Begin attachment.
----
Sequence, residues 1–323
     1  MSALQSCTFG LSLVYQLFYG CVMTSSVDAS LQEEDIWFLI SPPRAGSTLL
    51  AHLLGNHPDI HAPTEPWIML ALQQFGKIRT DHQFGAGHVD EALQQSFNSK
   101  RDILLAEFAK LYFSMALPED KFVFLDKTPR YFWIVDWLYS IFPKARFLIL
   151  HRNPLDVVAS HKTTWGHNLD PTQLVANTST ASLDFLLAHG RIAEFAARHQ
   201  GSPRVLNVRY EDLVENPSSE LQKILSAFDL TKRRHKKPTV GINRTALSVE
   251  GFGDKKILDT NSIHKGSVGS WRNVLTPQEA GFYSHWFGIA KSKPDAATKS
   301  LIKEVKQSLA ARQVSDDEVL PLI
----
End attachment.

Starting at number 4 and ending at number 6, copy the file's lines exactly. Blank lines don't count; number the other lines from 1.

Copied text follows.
   101  RDILLAEFAK LYFSMALPED KFVFLDKTPR YFWIVDWLYS IFPKARFLIL
   151  HRNPLDVVAS HKTTWGHNLD PTQLVANTST ASLDFLLAHG RIAEFAARHQ
   201  GSPRVLNVRY EDLVENPSSE LQKILSAFDL TKRRHKKPTV GINRTALSVE